Content-led innovation

Author: Kerry Rice

“In the past, brands were part of the advertising; in future, they will be part of the content business.” So says Andreas Gall, CEO of Red Bull Media House.


Author: Kerry Rice

“In the past, brands were part of the advertising; in future, they will be part of the content business.” So says Andreas Gall, CEO of Red Bull Media House.

I’m inclined to agree.

Paging through the ibc daily at IBC in Amsterdam recently, the word content leapt out of the page at me again and again. Walking through the exhibition halls of the RAI, my overall impression was the same. Much talk at the show seemed to centre on how viewers are finding content, how they are consuming content and how they are interacting with content.

The rise and rise of social media and online video consumption, and the resulting appetite for content, seems to be the driving force many of the technological advances taking place in the broadcast sector.

Hot topics at IBC certainly reflected this. Key discussions taking place were about the evolution of multi-screen viewing*, the growing importance of attaching the right metadata to content**, the possibilities of social media interaction with broadcast, and OTT television***.

But at the centre of all of these discussions is content. The reason for this is because if content is attractive or compelling enough, viewers will want to watch it and will find a way to do so.

This is why content is becoming increasingly important for brand owners. In fact, we’re reaching the point where some brand owners consider themselves to be media companies that sell products. As a result, the industry is moving towards a place where the question is no longer about how you divide spend between media, but rather about how advertising messages can be enhanced and activated using a combination of PR, social media and owned content.

Geoff Seeley, Director of Global Media Innovation for Unilever summed it up when he said: “We are going back to the art of storytelling and looking at how narrative can be transferred across different screens, the role that each screen and channel has, and identifying what part of the story we deploy to get a message across.”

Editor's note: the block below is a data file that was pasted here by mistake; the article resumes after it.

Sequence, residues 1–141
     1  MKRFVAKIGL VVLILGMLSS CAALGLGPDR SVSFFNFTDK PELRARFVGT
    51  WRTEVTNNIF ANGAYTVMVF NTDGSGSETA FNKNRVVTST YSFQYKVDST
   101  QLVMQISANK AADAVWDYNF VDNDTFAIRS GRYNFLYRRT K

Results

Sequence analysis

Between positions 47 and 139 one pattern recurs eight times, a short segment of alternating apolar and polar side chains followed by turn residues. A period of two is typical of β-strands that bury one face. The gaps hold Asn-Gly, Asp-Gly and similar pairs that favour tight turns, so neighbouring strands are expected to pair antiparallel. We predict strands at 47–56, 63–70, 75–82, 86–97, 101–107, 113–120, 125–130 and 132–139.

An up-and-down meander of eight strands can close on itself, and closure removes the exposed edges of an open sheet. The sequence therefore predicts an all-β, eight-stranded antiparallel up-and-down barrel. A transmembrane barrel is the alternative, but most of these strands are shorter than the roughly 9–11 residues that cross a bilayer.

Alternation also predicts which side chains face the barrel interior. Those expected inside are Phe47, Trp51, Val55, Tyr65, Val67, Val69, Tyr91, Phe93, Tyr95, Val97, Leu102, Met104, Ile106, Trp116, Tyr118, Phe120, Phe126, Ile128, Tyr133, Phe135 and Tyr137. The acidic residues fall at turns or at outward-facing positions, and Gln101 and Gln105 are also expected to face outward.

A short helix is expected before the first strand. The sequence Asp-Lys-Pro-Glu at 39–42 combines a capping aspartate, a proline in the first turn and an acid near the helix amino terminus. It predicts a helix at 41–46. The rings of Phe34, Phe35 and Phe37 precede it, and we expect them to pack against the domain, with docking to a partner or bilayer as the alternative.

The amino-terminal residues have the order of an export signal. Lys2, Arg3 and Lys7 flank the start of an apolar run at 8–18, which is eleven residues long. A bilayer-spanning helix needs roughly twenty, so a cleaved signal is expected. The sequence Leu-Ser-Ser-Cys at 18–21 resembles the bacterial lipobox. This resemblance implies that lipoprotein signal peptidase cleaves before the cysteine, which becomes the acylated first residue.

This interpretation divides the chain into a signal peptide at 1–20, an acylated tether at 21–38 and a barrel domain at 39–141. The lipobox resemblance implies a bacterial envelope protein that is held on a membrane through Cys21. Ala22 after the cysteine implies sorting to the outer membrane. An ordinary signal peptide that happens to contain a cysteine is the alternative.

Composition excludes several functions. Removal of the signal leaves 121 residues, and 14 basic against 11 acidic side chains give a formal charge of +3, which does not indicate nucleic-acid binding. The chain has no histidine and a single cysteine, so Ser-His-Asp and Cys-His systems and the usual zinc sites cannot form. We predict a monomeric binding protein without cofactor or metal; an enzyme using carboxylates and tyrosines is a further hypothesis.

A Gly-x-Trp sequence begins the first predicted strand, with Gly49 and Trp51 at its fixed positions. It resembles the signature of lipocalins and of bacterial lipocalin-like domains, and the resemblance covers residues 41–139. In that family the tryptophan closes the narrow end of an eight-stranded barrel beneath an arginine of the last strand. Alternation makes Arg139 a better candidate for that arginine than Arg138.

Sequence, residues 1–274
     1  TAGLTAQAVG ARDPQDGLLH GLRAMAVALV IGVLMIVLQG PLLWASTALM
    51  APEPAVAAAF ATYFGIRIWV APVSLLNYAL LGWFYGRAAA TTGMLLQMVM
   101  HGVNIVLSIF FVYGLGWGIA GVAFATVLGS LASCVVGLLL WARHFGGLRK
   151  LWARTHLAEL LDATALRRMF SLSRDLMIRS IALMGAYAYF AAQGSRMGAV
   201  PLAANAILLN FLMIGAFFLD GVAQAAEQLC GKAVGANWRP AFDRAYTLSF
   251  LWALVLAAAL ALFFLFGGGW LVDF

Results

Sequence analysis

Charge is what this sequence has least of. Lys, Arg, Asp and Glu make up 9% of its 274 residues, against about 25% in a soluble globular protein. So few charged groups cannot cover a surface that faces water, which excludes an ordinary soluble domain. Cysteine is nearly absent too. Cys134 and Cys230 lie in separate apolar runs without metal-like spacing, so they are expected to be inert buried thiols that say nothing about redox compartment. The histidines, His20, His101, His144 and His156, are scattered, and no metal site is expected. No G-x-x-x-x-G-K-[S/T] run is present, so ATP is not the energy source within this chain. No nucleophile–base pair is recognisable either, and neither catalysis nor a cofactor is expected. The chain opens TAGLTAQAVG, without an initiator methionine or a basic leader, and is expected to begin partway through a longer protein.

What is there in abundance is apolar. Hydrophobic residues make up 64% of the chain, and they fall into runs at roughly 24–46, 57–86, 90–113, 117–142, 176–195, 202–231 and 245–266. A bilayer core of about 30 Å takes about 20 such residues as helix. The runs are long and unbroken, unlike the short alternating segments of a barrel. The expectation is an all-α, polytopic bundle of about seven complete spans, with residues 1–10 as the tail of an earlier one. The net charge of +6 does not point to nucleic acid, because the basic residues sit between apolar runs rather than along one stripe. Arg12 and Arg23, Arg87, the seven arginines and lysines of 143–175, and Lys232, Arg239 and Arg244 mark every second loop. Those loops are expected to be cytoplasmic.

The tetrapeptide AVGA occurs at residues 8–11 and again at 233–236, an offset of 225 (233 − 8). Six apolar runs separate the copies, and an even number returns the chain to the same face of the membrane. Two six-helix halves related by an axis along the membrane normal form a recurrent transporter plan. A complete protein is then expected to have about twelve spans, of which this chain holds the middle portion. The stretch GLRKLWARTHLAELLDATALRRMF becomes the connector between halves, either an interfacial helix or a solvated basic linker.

One example of how crucial content is can be seen in the slow uptake of 3D television sets being, in part, attributed to development of 3D content remaining limited primarily to event coverage. Similarly, it’s the breadth of online content and applications that is driving technological developments to meet the need to add another layer to broadcasters’ programming and personalise the viewer’s experience.

All of the debates, discussions and developments in this space are hugely for someone who believes that content should be at the core of marketing and communications. I’ll be watching TV (in a multi-screen way of course) from a whole new point of view from now on.

* Multi-screen viewing is evolving naturally as more and more people leave their computers and other connected devices, such as smart phones, tablets and e-readers, running while they watch TV.

** As more and more content becomes available on different platforms, not describing content adequately can be a huge mistake for content owners because it is increasingly becoming crucial to discovery of content by viewers.

*** Over-The-Top Content (OTT) refers to video or audio content that is delivered by broadband without the Internet Service Provider (ISP) being involved in the control or distribution of the content.  This is usually content that arrives from a third party direct to the end-user’s device, with the ISP only responsible for transporting it.

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